Griffin’s high school career included a 64-game win streak, 1,168 points and, in her senior year, the 1974 Pennsylvania Interscholastic Athletic Association title.
“When we won the state tournament in the Harrisburg Farm Show Arena there were at least a half a dozen college coaches in the aisle way to our locker room — one from West Virginia, one from Pitt, one from Florida – and they were screaming at me, ‘Do you want a scholarship? Do you want to come to our school?’ I had no idea what they were talking about.”
Understandable, since Title IX was only two years old and 1974 was the first year full scholarships were offered. Indeed, Griffin recalls that under the prevailing mores of the time, going to college for basketball was “something young women did not do,” the implication being it somehow “diminished” one as a student.
Griffin ignored the offers and attended the University of Delaware to study computer science — and play basketball.
“We had a team that had started four freshmen, each from four different high school state championship teams. In my freshman year, we almost beat Immaculata, the defending national champion.”
But Delaware was not the right fit for Griffin, who transferred to Pittsburgh, where she finished out her basketball career and earned a Bachelor of Arts in economics.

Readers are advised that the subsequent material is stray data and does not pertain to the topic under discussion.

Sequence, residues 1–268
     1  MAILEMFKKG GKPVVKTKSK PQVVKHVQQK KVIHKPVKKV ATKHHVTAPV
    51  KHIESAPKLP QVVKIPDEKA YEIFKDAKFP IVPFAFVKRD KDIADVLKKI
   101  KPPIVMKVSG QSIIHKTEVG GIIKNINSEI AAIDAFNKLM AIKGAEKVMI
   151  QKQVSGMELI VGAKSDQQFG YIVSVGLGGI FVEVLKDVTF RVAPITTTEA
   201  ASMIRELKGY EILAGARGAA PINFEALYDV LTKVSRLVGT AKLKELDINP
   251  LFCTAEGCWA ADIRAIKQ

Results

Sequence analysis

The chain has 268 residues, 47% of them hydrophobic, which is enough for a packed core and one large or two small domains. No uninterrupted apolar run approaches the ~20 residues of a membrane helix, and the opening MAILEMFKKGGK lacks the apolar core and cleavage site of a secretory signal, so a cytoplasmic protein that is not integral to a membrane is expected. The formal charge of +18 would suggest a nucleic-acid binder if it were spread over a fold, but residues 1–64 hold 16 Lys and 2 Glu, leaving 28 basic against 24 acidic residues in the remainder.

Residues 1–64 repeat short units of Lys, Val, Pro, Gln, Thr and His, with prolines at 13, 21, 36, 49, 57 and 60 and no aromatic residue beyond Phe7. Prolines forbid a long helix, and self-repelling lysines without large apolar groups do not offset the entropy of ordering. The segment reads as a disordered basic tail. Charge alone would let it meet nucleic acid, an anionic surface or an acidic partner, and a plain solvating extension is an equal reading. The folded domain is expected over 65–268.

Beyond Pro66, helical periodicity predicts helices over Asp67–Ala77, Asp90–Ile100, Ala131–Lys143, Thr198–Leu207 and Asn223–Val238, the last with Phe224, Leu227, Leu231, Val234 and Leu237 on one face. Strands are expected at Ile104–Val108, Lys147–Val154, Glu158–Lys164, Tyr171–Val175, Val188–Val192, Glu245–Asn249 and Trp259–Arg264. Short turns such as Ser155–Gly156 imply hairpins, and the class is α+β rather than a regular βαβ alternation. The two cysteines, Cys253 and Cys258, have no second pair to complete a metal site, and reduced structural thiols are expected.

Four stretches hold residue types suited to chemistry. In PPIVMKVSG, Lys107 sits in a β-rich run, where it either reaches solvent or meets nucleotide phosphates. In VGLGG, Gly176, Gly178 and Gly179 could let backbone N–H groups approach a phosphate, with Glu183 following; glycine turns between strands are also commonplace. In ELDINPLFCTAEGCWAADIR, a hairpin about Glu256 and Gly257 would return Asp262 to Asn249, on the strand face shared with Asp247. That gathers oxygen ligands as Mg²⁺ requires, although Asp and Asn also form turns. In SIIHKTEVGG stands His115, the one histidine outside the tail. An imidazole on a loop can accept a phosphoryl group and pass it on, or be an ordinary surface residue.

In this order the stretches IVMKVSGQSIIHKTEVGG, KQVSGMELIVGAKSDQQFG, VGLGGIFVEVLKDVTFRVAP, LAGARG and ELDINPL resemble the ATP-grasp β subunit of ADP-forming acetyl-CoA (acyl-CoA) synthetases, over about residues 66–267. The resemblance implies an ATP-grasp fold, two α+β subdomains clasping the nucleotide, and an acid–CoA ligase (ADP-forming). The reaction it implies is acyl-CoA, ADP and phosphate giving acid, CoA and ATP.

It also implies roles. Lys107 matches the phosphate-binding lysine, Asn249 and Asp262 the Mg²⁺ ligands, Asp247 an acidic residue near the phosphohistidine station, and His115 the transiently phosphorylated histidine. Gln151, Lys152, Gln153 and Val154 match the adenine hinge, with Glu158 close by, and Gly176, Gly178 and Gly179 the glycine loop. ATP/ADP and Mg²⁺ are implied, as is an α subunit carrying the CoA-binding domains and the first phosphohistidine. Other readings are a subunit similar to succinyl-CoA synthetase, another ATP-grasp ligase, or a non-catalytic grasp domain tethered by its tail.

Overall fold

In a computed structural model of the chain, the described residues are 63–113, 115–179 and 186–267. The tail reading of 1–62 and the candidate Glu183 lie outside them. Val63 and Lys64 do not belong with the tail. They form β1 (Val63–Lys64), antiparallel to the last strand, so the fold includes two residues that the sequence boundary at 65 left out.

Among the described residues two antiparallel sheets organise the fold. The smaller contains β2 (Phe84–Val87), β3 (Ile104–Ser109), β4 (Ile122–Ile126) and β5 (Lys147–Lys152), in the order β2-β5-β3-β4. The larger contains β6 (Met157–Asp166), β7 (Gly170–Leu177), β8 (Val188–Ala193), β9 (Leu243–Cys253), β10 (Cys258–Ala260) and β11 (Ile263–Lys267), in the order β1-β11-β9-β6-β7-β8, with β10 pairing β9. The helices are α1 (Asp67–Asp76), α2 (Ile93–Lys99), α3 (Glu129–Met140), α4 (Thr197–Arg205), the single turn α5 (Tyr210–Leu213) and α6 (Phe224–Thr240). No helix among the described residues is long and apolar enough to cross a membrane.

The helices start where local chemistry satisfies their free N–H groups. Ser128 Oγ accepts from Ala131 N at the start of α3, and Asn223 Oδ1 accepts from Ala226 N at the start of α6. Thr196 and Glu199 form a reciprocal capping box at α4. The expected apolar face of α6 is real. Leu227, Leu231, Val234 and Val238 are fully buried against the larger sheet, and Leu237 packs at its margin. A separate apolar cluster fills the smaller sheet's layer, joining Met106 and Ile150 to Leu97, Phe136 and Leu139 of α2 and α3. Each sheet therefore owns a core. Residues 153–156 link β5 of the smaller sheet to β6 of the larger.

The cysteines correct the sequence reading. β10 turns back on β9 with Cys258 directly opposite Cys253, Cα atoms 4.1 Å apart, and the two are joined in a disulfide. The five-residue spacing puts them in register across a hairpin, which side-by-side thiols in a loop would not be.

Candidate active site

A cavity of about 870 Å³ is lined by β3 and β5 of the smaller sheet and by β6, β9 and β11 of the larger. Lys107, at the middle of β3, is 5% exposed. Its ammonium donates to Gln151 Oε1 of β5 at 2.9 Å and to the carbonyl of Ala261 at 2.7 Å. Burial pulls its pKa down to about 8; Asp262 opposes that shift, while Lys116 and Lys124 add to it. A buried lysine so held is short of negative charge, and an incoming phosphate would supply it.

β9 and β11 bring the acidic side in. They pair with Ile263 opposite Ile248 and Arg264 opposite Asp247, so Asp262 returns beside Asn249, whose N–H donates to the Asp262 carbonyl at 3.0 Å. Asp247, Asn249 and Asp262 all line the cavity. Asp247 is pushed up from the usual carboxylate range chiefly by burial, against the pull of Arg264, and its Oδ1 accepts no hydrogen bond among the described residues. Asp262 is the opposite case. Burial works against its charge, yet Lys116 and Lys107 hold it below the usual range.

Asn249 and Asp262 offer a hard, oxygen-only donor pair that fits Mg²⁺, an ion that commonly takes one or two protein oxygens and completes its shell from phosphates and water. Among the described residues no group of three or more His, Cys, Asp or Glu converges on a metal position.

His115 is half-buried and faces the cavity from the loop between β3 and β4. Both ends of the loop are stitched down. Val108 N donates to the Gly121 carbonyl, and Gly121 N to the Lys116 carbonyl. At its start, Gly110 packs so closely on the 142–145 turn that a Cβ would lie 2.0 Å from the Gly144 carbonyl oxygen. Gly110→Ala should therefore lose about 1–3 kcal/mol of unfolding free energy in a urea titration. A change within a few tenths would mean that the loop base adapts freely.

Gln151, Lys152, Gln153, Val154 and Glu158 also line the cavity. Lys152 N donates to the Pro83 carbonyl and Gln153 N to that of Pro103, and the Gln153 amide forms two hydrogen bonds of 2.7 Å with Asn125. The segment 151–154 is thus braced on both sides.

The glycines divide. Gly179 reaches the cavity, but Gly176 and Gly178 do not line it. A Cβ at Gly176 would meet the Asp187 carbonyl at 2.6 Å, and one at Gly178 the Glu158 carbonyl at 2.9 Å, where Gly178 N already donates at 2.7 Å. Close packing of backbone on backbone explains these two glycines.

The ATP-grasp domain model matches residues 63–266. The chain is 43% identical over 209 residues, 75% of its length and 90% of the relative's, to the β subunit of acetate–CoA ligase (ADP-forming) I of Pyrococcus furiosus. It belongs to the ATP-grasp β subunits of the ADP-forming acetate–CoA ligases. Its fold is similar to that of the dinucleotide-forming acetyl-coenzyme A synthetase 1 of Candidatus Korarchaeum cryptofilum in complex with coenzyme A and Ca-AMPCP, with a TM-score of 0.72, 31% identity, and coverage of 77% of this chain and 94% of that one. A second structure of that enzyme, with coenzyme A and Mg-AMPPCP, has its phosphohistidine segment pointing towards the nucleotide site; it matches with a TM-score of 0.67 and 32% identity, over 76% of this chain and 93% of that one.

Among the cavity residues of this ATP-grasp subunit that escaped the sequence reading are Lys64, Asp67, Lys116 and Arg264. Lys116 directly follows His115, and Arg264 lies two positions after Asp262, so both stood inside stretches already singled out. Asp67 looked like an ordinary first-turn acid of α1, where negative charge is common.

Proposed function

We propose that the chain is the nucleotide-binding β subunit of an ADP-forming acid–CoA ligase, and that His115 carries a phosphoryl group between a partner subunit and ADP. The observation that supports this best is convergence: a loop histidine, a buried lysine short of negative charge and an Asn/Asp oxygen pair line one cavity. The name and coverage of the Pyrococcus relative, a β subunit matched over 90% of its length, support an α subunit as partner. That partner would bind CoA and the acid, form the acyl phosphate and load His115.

Upon graduation there were opportunities to play professionally, but they were trumped by a job offer with Manufacturers Hanover in the special events department.
“That was pretty much a dream job because it was one of the first in sports marketing in the country,” said Griffin. She ran the Women’s Christmas Classic in Madison Square Garden (1980-82), moving to Converse as the national director of promotions for women’s athletics (1983-85). Converse’s decision to sponsor six women’s games of the week on TV (though they never aired) gave Griffin her first opportunity in front of a microphone.
“I worked Leandra Reilly who, at that time, was ESPN’s only female commentator,” said Griffin. “She recommended me to ESPN. The very first event I did [for them] was a national high school cheerleading competition and I was awful. Just awful,” she admitted. “Somebody made a triple pyramid and a girl jumped off and into a split. My comment was, ‘Well, that’s got to hurt.’ And yet, then they invited me back to do the Division II national championship game later that year.”